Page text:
Absurdly Driven looks at the world of business with a skeptical eye and a firmly rooted tongue in cheek.
It used to be that CEOs would think about profits, their bonuses and where they'd like to spend their vacations.
These days, things have become more complex.
Companies are being asked not only to make money, but to make statements around the essences of social decency.
This, in many eyes, means standing up to those who might have nefarious aims.
Like, some might say, the National Rifle Association.
This lobbying group of alleged good guys with guns galore can emit an unseemly odor over social discourse.
Naturally, there came a backlash. Georgian politicians punished Delta for such insubordination to the gun-toting cause. To the vindictive tune of $40 million.
Which all rather surprised the airline's CEO Ed Bastian.
In an interview with Fortune, Bastian admitted he knew there'd be a backlash, but didn't anticipate "the strength of the backlash from the NRA movement."
He also may not have anticipated the reaction from those who think the NRA is a fraternity of malicious crackpots.
His airline's decision "created an outpouring of support and appreciation for a company to stand by its values."
Of course companies like to talk about their values. Especially when they think that there's some, well, PR value to be gained.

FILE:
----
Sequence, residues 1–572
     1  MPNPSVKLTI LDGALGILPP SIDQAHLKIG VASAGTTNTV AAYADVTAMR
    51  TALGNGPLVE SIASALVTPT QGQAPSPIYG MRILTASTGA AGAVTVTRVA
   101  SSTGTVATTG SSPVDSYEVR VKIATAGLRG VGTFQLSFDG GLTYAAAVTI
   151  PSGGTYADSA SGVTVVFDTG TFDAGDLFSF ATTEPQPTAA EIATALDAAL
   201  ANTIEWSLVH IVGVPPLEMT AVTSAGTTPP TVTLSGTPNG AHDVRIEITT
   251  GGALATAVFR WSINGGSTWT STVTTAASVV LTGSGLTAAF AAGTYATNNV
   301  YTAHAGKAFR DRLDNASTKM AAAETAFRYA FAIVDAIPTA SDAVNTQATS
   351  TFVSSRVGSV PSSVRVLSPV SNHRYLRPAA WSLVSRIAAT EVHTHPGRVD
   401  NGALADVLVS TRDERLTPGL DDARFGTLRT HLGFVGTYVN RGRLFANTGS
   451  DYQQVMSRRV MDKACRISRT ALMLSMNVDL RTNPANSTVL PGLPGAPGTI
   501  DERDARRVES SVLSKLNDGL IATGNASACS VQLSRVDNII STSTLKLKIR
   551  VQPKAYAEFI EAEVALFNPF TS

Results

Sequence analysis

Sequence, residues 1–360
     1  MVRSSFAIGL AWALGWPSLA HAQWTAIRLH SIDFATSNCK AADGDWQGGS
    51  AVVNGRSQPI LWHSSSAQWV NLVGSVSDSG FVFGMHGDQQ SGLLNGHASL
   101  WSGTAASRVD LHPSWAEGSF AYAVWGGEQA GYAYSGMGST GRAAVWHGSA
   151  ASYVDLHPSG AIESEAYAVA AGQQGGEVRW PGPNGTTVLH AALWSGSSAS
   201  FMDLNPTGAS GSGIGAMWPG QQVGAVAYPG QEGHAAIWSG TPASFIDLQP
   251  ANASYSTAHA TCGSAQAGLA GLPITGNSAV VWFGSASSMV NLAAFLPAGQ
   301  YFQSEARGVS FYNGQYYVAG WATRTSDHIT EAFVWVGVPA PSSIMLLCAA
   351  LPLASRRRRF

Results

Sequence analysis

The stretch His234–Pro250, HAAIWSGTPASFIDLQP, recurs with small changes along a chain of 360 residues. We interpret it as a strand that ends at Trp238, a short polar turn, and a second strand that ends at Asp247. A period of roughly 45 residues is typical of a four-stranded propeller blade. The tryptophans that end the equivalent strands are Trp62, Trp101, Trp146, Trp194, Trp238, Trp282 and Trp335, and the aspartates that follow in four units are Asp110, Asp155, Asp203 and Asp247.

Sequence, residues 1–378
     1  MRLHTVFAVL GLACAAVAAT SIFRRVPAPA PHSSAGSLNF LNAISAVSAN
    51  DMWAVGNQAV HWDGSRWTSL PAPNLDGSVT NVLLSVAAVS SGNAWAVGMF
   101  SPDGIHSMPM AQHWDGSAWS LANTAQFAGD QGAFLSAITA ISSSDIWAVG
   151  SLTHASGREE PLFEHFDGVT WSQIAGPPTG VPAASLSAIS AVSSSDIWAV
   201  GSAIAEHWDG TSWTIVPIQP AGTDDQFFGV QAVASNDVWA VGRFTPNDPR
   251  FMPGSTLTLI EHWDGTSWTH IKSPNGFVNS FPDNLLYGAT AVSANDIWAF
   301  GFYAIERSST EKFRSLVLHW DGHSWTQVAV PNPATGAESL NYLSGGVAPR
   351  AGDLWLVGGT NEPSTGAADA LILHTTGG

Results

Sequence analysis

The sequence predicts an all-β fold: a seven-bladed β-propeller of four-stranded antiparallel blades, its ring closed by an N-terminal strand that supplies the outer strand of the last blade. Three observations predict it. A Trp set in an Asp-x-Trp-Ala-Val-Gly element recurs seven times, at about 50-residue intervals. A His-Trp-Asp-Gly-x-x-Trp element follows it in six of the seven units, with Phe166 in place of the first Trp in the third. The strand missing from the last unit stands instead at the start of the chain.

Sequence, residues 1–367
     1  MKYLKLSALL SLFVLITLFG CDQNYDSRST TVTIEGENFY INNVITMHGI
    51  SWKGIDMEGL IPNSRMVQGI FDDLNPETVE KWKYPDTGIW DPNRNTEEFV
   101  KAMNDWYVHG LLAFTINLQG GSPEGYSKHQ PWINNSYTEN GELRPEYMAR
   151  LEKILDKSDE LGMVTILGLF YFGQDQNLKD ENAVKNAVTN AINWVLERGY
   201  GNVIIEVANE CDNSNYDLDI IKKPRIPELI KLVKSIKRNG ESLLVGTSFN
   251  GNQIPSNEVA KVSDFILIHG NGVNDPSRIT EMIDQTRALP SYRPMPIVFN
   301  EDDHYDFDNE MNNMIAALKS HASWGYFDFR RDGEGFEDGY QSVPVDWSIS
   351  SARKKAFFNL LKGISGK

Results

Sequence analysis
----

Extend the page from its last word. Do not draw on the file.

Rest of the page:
Bastian, though, offered a more far-reaching description of where he now sees his role as a business leader.
After all, some CEO's have chosen to speak out far more about social issues in recent times. Whether it's Apple's Tim Cook or Starbucks's former CEO Howard Schultz.
Bastian, though, thinks his job now encompasses a greater emphasis on moral judgment.
He said he's always felt moral leadership is part of his job. In which case, the caustic might sniff, why did his airline ever give the NRA a discount in the first place?
Now, though, he believes moral leadership is more important than ever, because there's a vast air pocket in a certain part of society:
I think it's more important when you see the lack of leadership in some political circles around the world.
About whom might he be talking? The Philippines? Poland? Turkey? The (Dis)United Kingdom? He continued:
We're a more polarized society. The populist movement is strong and the populist movement is centered on fear and anxiety and people not feeling like they have a voice in the process and we've got to counter that. I think it's incumbent on us to fill the vacuum of leadership that some of our politicians have vacated.
Ah, I fear he's talking about the US of A. And I fear many might agree with his sentiment.
Talking about issues not directly related to his business is, he said, "a bit uncomfortable."
So why, oh, why get involved in these thorny issues that always leave a prickly sensation?
Here is where he addressed the strong new element at the core of his job:
I really know the heartbeat of our company, I believe, and when you see something that is so polar opposite to what you believe you're required to speak. And our employees expect us to speak.
Sometimes, it seems, there aren't good people on both sides.
Whether they have guns or not.